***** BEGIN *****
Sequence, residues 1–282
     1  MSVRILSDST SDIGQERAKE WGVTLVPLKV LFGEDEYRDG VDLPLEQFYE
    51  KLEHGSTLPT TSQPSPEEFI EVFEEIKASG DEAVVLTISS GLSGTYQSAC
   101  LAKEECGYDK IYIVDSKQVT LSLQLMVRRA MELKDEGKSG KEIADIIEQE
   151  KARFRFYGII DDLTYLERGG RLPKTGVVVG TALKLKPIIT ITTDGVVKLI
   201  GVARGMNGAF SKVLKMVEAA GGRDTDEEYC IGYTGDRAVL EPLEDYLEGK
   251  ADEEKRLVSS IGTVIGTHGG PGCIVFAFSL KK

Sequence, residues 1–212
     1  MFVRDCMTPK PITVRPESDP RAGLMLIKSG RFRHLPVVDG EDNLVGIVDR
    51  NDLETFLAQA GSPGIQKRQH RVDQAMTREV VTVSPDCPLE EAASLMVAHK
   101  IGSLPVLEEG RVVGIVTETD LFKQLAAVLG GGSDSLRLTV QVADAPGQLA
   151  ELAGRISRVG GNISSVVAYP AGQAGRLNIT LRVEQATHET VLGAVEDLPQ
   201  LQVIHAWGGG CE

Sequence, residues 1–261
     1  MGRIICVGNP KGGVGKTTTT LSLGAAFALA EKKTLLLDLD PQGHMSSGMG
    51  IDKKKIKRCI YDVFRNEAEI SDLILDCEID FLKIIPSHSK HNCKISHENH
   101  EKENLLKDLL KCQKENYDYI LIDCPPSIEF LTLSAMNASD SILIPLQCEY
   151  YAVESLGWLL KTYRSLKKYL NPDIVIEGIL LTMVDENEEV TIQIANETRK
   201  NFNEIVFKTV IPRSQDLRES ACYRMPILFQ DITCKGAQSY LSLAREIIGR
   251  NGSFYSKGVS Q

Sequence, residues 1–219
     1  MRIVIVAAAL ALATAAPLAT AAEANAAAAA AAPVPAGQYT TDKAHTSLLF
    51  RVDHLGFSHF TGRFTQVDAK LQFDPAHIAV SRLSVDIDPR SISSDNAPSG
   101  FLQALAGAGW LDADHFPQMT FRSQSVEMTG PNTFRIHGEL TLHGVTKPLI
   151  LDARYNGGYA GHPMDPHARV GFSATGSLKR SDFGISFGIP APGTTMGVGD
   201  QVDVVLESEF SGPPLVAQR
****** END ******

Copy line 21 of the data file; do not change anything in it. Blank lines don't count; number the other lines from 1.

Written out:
Sequence, residues 1–219